Yucca, three-leaf sumac and chiltepin are all staple ingredients in Indigenous recipes, but the rich history of Indigenous cooking is often forgotten or overlooked, especially in Western kitchens. To highlight Indigenous recipes, ingredients, and chefs, Indigenous chef organization I-Collective, has created “A Gathering Basket,” a cookbook created for and by Indigenous chefs and home cooks.
“A Gathering Basket” differs from a traditional cookbook in the sense that it is more of a living document. Composed of digital issues of recipes, essays, and embedded videos, the multimedia document will continue to grow and expand over time. The expansive nature of the project also highlights the great diversity of Indigenous cooking traditions and recipes, which cannot be summarized in one static book. Recipes include both sweet and savory items, like one for squash pudding bars, created by Indigenous chef Kristina Stanley, which features cassava flour, pepitas, and maple syrup.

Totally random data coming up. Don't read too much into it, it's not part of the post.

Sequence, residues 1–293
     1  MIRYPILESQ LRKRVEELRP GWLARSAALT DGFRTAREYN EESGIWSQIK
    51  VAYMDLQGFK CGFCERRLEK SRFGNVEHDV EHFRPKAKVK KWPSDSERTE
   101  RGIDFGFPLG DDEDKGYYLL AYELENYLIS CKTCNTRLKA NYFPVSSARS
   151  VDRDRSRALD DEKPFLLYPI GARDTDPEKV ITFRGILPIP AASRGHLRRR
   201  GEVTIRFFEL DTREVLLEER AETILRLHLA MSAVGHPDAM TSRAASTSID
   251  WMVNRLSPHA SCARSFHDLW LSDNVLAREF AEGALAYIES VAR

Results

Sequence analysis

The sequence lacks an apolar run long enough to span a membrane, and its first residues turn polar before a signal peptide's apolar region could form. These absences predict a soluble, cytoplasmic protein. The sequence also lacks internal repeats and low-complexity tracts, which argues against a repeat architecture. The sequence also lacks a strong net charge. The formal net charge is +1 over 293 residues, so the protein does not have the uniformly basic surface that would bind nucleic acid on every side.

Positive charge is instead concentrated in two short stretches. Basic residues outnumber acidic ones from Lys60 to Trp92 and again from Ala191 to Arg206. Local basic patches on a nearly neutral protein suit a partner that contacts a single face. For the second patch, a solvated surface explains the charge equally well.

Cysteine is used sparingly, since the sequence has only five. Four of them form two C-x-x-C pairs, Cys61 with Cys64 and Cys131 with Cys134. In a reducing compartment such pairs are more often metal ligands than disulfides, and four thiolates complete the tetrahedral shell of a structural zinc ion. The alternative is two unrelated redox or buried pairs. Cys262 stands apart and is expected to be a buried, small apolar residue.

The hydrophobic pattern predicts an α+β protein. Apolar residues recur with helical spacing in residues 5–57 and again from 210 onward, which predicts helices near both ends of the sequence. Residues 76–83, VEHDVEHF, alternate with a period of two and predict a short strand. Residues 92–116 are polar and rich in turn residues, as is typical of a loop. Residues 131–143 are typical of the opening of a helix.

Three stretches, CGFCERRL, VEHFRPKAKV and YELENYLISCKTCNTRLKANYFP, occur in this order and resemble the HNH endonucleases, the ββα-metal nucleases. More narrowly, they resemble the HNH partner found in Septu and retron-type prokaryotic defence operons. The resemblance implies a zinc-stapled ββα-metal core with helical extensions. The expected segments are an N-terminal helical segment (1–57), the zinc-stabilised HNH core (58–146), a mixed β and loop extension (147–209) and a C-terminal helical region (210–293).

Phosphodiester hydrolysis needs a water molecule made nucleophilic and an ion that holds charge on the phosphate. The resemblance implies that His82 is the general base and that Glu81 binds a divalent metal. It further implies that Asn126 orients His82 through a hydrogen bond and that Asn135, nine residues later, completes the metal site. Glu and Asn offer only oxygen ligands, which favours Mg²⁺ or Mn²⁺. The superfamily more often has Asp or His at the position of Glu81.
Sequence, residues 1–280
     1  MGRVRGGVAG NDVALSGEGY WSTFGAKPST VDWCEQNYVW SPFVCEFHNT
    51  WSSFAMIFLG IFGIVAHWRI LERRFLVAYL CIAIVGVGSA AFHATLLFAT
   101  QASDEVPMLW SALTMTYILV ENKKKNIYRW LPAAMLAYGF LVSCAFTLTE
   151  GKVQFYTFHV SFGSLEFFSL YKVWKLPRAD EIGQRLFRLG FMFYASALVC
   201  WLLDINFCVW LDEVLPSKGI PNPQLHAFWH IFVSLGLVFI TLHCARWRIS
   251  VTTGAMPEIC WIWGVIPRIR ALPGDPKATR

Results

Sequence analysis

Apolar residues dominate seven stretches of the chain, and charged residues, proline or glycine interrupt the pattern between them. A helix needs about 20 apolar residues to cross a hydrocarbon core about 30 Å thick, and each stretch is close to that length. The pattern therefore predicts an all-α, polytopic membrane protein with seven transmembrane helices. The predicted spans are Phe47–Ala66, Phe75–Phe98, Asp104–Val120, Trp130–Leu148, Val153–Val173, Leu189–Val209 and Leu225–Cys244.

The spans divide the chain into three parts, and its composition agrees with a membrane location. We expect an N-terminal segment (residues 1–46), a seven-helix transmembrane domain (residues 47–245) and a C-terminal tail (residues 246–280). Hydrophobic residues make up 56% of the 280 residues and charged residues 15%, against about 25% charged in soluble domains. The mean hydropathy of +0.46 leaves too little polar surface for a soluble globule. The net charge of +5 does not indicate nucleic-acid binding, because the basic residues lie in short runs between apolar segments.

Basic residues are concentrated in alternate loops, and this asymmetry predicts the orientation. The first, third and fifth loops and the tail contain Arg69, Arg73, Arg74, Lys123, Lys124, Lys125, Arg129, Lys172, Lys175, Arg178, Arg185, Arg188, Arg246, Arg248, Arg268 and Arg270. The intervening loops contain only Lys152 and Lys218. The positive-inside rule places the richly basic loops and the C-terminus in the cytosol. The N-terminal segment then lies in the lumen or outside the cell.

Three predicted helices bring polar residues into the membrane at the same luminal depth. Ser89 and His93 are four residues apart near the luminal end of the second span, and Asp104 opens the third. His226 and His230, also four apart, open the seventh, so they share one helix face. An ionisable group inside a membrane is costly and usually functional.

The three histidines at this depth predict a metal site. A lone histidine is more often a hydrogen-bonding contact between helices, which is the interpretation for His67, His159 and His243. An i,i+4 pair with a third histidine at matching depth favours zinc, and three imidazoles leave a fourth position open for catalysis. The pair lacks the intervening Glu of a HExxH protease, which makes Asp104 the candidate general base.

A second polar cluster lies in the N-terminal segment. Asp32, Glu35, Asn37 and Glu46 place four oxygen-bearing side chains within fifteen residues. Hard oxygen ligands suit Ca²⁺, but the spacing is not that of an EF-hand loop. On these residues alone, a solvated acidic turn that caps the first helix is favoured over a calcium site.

The first issue of the cookbook, released this week, features a series of essays by Karlos Baca addressing the history of the chiltepin, a type of pepper. The issue will also include recipes featuring yucca as a primary ingredient, as well as information about the use of yucca in making soap, thread, and shoes.
The project was funded with support from the Food and Farm Communications Fund, the First Nations Development Institute, and a GoFundMe page. Subscribers are asked to pay $30 for five issues, with scholarships available to expand access for Indigenous people. Subscribers also have access to live discussions on topics like Indigenous food sovereignty.